California Democratic Party Convention: Detailed coverage from our political team


The California Democratic Party convention was held Feb. 26-28 in San Jose.

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Analysis: Democrats heading for trouble with young voters

With the convention hall long emptied, we took stock of the state of the California Democratic Party.

The event seemed like a 50th college reunion for veteran politicians, and at the same time one of the biggest rounds of applause came at the mention of Bernie Sanders, the presidential candidate few of those politicians gathered in San Jose for the convention support.

In short, the numbers don’t look great for Democrats in California.

In November 1992, there were almost 7,410,914 Democrats in the state, out of 15.1 million registered voters.

Now the number of registered voters has increased by almost 2.2 million, but the number of Democrats has risen by less than 28,000 voters.

Here’s one photo from the weekend that tells the story.

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Emilio Huerta draws on family name, blocks rival’s Democratic party endorsement in Central Valley race

It was a bit of a throwback weekend in San Jose, with labor legend Dolores Huerta flexing organizing muscle to gather the delegate support to boost her son Emilio Huerta’s congressional bid.

After gathering hundreds of signatures and following a lively floor vote, Emilio Huerta succeeded in blocking Fowler City Councilman Daniel Parra from getting the party endorsement as he challenges Rep. David Valadao (R-Hanford) in the Central Valley race. Valadao is considered vulnerable given it is a presidential year with higher voter turnout.

The effort was a family affair: Dolores, Emilio and his daughter Ana Alicia Huerta worked the California Democratic Party convention all weekend to make it happen.

Thanks to Huerta’s actions, neither Democrat will have the party’s official support or the funding that comes with it.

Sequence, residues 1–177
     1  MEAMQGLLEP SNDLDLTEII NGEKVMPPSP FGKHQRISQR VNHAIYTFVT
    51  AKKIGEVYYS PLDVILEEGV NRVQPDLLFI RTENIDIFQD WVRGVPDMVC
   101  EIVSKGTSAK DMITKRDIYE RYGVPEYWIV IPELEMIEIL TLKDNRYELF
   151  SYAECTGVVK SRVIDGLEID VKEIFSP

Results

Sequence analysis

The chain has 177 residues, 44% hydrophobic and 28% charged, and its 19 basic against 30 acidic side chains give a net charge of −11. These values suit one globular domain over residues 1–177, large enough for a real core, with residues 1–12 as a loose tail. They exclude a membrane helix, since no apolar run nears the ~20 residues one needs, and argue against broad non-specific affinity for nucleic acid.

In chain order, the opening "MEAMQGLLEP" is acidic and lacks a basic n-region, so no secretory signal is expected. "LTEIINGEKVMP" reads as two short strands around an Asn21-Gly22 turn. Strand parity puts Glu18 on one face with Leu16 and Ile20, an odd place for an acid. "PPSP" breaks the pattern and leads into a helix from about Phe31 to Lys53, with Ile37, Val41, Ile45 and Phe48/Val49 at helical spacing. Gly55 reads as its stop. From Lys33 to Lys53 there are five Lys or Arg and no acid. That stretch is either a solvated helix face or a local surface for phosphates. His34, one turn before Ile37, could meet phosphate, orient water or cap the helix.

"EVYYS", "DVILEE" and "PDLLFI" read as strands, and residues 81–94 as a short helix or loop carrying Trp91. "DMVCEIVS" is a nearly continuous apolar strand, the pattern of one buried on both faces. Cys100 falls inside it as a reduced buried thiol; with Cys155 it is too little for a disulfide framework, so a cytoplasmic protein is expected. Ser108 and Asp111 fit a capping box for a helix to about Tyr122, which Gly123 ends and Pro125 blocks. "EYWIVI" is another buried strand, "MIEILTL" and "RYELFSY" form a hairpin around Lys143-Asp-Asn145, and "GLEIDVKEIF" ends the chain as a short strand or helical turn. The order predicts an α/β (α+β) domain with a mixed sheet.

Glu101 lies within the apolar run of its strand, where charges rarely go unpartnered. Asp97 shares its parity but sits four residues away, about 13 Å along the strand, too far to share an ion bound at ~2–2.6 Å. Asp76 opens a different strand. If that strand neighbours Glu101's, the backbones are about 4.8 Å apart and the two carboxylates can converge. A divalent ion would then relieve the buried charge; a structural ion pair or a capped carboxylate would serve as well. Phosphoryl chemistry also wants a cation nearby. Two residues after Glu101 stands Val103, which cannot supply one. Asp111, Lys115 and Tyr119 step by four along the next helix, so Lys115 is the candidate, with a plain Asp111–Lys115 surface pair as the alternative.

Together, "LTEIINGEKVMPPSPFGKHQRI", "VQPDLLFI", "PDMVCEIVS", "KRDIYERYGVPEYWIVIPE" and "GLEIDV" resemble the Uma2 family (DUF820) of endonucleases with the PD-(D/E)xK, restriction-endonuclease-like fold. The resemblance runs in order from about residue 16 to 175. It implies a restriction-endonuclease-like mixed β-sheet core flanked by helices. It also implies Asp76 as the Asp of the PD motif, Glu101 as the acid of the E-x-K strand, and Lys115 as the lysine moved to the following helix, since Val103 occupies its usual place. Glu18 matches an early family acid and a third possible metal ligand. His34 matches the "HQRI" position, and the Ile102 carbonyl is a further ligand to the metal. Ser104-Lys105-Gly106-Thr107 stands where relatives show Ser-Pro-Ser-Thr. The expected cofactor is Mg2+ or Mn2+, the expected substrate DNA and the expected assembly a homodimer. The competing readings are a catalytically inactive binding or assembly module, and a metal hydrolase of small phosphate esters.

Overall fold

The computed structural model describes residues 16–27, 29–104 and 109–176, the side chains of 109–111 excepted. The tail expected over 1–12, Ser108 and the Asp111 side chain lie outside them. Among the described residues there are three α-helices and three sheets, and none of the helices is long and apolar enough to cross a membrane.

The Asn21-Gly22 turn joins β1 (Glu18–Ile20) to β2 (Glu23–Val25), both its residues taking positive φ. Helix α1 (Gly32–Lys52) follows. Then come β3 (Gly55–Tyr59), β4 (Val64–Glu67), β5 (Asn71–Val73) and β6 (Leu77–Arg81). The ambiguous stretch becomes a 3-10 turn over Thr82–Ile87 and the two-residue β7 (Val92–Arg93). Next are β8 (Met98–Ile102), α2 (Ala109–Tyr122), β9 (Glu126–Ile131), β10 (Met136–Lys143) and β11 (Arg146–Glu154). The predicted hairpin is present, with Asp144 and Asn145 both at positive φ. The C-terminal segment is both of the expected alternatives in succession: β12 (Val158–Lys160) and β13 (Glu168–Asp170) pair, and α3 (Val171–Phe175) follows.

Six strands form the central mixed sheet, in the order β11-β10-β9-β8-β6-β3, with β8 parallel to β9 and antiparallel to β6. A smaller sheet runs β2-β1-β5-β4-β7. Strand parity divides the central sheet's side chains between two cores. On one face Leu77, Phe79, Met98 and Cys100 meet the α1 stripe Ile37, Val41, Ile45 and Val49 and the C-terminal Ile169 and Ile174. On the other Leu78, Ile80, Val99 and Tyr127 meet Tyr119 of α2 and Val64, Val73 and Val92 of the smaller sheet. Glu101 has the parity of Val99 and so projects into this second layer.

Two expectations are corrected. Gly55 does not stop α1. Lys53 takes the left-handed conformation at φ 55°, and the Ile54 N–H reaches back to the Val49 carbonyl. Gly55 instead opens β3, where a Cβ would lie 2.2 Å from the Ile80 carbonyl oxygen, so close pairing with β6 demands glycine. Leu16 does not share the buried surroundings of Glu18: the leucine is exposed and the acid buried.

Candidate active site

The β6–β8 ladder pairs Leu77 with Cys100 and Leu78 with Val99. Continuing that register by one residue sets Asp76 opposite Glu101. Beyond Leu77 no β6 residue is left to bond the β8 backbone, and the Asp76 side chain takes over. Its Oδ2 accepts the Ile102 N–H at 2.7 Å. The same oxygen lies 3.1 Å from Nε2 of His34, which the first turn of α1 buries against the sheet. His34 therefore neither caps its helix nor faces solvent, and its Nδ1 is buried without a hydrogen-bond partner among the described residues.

After Parra won the endorsement vote of a small, local caucus Saturday night, Emilio and Ana hit the convention halls to gather the 300 signatures needed to challenge it on the convention floor Sunday.

A trio of delegates from Lancaster were among the first to sign.

“I support him, he is Dolores Huerta’s son,” said delegate Camille Dunn. “Let the people hear him.”

At around 11 p.m. the group filed enough signatures. A tired Dolores and Emilio came into the press room looking for coffee.

Decaf for Dolores, cafe con leche for Emilio.

“An organizer eats when he can, sleeps when can,” he said between sips.

In the morning Ana and Andres Chavez, the 22-year-old grandson of United Farm Workers founder Cesar Chavez, worked the halls explaining the particulars of the parliamentary voting to delegates.

Then the big guns came out.

First up to speak in favor of vacating the endorsement was Rep. Zoe Lofgren, chair of California’s Democratic Congressional delegation.

She admitted the Democratic Congressional Campaign Committee wasn’t able to recruit a candidate in the race early on, one reason Huerta had a late start. She said her heart did a “pitter patter” when Huerta entered in early January. Next up was Rep. Mark Takano (D-Riverside).

Then came Dolores Huerta:

Huerta was successful — sort of. While he took the endorsement away from Parra, but he failed to win a second vote that would have given the party’s backing. That means the party is neutral in the race, and won’t offer financial support.

“I won this thing twice,” Parra said the night before. “Now, people outside my district get to decide it.”

For Parra’s supporters the whole process left a bitter taste. After all, they said, Parra had earlier in February won a pre-endorsement vote with backing from more than 80% of local delegates. And he claimed just under two thirds of the vote Saturday night.

“Honor our local grass roots votes,” said Parra backer Estella Kessler, 67 of Selma, Calif., in urging statewide delegates to vote to keep the endorsement.

After the vote Parra left the hall, while Huerta walked the halls shaking hands.

Huerta said the real test comes with the June 7 primary when voters take to the polls. He acknowledged his name helped him block Parra.

“It opens the door but it’s up to me to bring substance to the table,” he said.